But during a time of crisis, the emperor has no clothes.

 

 

 

The Prime Minister’s Speech

The following is a post by Jayne Flanagan of Modern Money Australia.

When a nation needs a leader, when the people need a voice, an ordinary (wo)man would help him find the courage.

My thoughts on what Scott Morrison should have said:

“We need approximately X* number of workers for cleaning and sanitation services, food production, retail and delivery, transport, healthcare, childcare, key manufacturing etc.’ All other people of working age will be ensured a temporary living wage while forced into quarantine. All people of retirement age will also be ensured a living wage. While we can’t overgeneralise from the experience from other jurisdictions, including Italy, it is safe to say that the time is now to shut down all non-essential services including schools, so that we can flatten the curve.

We will ensure the health and safety of all workers in sectors at increased risk of infection due to exposure to the pathogen via person to person contact or infected surface contact, by ensuring essential PPE and cleaning agents, but importantly, by reducing the contact frequency, and therefore the infection rate, in the community by enforcing the shutdown of all non-essential business/services. We will urgently need to increase our testing capacity to ensure our strategies are working and we are effectively protecting our key workers and the broader community.

We will ensure that no-one is at risk of losing their fundamental right to shelter, which means we will need to implement a mortgage holiday and an eviction moratorium. We may also need to commandeer empty accommodation, such as empty investment properties and hotel/motel rooms so to ensure that all have a roof over their heads.

If the COVID 19 pandemic teaches us anything it’s that we were fatally unprepared for a crisis, foreseen by many with epidemiological and public health expertise, of this magnitude. We have learnt our lesson and now will do whatever it takes to build a resilient economy that can withstand future serious, existential shocks such as this, and that guarantees that all of our citizens have the opportunity to flourish, with genuine ability to participate fully in our society – an ability that will be ensured by their democratically-elected, monetarily sovereign government.

For too long, decades, in fact, we have sacrificed the many for the sake of few; through enforced unemployment, through privatisation of public services, through our support of the fossil fuel industry, essentially through our misguided belief that government exists to promote the private gain of the few namely, the finance and corporate sectors. Trickle-down economics is bunk – if we had have paid attention to those that have been challenging this orthodoxy over decades then we might have avoided not only the deaths that are occurring and will continue to occur due to COVID 19, but also the probably millions of deaths that have resulted from the scourge of neoliberalism.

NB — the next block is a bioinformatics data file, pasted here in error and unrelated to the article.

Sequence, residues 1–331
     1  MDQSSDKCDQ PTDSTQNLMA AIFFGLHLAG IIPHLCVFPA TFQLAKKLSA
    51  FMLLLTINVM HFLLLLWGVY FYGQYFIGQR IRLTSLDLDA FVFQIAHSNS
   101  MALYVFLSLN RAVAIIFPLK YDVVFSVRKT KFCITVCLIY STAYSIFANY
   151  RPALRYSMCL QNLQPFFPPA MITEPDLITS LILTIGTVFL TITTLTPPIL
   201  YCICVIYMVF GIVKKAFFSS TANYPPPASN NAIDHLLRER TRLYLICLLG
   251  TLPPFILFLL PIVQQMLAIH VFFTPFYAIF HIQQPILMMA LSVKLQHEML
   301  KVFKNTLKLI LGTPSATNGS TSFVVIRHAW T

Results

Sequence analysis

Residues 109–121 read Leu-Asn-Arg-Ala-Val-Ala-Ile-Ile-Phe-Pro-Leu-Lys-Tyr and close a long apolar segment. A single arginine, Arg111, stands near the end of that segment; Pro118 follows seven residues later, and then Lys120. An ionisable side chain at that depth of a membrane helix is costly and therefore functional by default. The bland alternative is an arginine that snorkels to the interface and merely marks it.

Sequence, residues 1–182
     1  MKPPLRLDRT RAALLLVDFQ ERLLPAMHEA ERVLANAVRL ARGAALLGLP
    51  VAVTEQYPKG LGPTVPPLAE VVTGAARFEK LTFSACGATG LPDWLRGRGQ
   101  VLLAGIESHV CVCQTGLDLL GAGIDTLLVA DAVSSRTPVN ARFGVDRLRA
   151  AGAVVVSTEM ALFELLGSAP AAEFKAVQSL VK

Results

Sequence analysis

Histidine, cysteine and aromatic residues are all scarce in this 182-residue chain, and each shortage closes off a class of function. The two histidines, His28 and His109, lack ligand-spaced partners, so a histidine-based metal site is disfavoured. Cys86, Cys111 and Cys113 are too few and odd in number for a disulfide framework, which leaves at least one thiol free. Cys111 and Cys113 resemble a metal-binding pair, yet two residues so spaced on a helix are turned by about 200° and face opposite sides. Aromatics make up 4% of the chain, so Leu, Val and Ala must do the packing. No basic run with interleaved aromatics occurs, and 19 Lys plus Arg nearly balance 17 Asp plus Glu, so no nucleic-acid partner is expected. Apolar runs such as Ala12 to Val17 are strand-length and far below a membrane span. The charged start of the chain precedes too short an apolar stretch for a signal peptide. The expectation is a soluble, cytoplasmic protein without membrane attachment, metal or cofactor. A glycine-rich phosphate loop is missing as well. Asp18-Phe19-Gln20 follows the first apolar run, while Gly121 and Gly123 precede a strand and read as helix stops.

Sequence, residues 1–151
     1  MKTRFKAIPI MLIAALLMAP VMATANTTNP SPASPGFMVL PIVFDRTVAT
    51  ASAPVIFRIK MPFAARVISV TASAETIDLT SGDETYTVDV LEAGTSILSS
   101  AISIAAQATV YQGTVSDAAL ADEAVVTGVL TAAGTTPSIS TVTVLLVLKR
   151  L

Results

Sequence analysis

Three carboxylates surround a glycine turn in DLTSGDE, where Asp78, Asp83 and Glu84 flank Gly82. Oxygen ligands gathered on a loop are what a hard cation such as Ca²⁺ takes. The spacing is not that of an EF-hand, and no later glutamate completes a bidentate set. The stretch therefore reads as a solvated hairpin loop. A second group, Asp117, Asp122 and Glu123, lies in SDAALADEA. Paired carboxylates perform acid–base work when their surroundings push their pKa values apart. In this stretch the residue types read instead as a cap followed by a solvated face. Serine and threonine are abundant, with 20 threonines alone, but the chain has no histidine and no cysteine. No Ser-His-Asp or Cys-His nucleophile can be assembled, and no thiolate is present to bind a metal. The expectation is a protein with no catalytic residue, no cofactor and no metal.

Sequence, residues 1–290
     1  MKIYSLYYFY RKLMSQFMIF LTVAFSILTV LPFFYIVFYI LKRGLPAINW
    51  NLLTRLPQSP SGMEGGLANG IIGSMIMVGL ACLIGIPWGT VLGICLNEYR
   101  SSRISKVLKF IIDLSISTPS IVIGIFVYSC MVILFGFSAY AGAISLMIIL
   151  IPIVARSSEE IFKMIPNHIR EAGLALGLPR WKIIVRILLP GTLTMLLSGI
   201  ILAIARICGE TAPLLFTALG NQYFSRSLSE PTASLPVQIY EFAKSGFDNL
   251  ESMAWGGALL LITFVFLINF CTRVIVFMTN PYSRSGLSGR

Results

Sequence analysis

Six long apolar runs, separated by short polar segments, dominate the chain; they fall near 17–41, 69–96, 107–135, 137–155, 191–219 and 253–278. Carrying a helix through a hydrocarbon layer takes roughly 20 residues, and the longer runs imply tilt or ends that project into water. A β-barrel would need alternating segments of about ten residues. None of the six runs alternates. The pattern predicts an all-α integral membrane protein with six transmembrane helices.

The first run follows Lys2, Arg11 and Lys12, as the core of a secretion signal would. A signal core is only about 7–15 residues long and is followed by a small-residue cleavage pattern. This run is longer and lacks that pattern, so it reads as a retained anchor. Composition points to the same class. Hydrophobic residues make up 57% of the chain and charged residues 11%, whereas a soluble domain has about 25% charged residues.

We should have learnt that lesson much sooner than this and so I would like to offer my deepest and most humble apology and my absolute commitment that we will turn this around starting from now. May I not go to hell for my past grave errors.

To achieve this we will:

1. Introduce a permanent, federally funded job guarantee program which will not only provide a guaranteed job for all who want to work, but will also serve as a more superior and humane way of ensuring price stability – time to put an end to the NAIRU approach.

2. We will nationalise and appropriately fund all services with public goods characteristics – hospitals, transport, roads, banks, schools, telecommunications, energy, R&D etc

3. We will appoint Professor William Mitchell as our chief advisor on achieving a JUST TRANSITION away from fossil fuels. This will commence as of immediately, and is of utmost importance in this crisis as our over-dependence on fossil-fuel industry, with the consequent environmental impacts manifested in our extant climate emergency, are inextricably linked to the occurrence of this pandemic and to the risk of future pandemics. A JUST TRANSITION recognises the workers and their communities that rely on this sector should not bear the economic burden and will need to be supported during this transition.

*X is the number determined by reliable modelling

Jayne is an Occupational Therapist and Teacher’s Aide. Jayne works with children with Special Needs.